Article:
The meetings with Amy were set up in half hour sessions and students from all stages in the MS program were encouraged to sign up and I am so grateful I did! Even though I am only in my first semester in the program, I wanted to get as much feedback, advice, and networking opportunities as I can! I was also very nervous about my lack of actual library experience. My background has always been in museums and development work. I had volunteered in an archive previously but I was not sure how much weight that would hold on my resume.

Amy was very helpful in reassuring me that my resume and cover letter were overall pretty good, but just needed some tweaks and embellishments on wordings. She also gave advice on what to stress to future employers as a student. I brought a printed copy of both my resume and cover letter which Amy was able to write notes and advice on. This was so incredibly helpful to refer back to afterwards. On top of asking all my burning resume formatting questions (Amy agrees that resumes CAN be more than one page), I was able to ask her how best to network in this field.

Networking has always been the scariest thing to me about being an adult job seeker and now that I am in a field I really love I am somehow more nervous! She recommended reaching out first to someone you are comfortable with, such as your local library that you frequent or your professor who shares an interest in the field. She talked about how it is important to think of networking like build any other relationship. You want to not only be their associate but on some base level, their friend. She also mentioned the importance of checking in with the contacts you are trying to build frequently. I was always too shy or nervous to start building these type of professional relationships but her advice on just simply asking for permission and how most library folk are excited to meet with current students really helped put my mind at ease. So much so in fact that over winter break, I will be helping out at the library and media center at my old high school! My aunt is the media specialist there so who better to help me start gaining experience and honing my networking skills then family! Plus best of all I'll be back in sunny Florida working on my tan, getting some vitamin D, and most importantly not waiting for the bus in freezing New England temperatures!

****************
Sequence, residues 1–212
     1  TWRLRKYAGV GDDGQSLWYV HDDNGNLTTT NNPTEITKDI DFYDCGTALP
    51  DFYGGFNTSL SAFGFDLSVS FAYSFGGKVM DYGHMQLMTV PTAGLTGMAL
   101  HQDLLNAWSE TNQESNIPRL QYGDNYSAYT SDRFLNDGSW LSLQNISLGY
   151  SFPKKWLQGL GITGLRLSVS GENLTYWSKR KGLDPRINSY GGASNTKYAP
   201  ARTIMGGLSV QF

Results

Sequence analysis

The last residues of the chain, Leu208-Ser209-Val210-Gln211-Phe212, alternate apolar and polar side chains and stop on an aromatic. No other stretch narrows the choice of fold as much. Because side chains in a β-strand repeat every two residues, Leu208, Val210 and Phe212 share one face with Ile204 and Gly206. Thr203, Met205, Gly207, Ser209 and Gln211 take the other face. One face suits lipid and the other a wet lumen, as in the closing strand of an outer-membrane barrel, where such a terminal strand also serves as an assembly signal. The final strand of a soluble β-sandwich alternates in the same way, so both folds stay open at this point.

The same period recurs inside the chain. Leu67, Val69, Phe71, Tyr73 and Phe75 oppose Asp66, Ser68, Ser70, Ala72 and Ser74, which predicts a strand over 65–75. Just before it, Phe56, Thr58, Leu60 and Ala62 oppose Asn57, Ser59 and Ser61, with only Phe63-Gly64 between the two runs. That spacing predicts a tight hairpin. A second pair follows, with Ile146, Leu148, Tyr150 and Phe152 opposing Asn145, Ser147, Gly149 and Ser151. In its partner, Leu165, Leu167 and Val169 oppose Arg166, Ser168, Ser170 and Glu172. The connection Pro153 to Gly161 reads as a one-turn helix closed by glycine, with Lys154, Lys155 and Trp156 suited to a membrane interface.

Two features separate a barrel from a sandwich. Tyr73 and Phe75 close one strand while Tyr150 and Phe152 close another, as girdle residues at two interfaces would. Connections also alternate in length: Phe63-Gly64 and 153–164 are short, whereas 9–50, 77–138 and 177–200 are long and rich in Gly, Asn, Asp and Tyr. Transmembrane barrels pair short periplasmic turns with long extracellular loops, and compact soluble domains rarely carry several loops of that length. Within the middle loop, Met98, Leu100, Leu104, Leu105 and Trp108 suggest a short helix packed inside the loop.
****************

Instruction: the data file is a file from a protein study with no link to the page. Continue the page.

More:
Getting a Job | SLIS | Students

Pondering the Future

So, readers, my little summer break is almost over.  My new class starts next week (LIS 415: Information Organization).  As I've mentioned in a previous post, it's an online class again and I'm excited to start.  I am a little bit ambivalent about the shorter timeframe, but I'm really excited about the topic and I've already started in on the reading. 

Over the past few weeks I've been pondering my future a lot.  Currently, I'm doing the Archives Management concentration within the MS in Library and Information Science program.  Even though I'm near the beginning of the program and am still taking my core classes, I can't help but wonder whether or not the Archives Management track is right for me and if I should instead be doing the design-your-own option.  I've been doing a lot of informal networking lately, and through my discussions with other librarians I've started to think about what I really want to do with my life once I graduate from Simmons, and if archives will play a role in that.  I started to think about this when doing course planning and seeing all of the awesome LIS classes Simmons has to offer and trying to pick what electives I'd want to take in the future.  It's just so hard to choose as all of the classes sound so fascinating.  On one hand, I don't think I'll fully know whether or not archives are for me until I actually take an archives class.  I don't think I could go wrong either way, but I feel I'll miss out on something great, whether it be some amazing electives or archives classes, no matter what I choose.  But, this is the time to figure out what I want.  Right now, I work in an academic library as a reference assistant and I love it, so maybe academic libraries are my future!  Maybe something completely different!  Who knows what the future could hold for me- but the one thing I do know is that I'm going to love each and every class I'm going to take at Simmons. 

If you want to learn more about the course offerings at SLIS click here.

Getting a Job | Librarians | Real World | Summer | classes | skills

Job Hunt

Before I applied to Simmons, I did thorough research on the Master's of Library Science programs and what types of jobs you can get after you graduate.  Unfortunately, what I did not have was experience working in a library.  The only experience that I had working in a library was volunteering in middle school to help sign people up for the summer reading program (I'm pretty certain that doesn't count).  The thing that was stressed over and over in the information sessions that I attended before applying, and while meeting with my advisor, and in class was to get experience during your time at Simmons.  So, right now, I'm looking for that experience.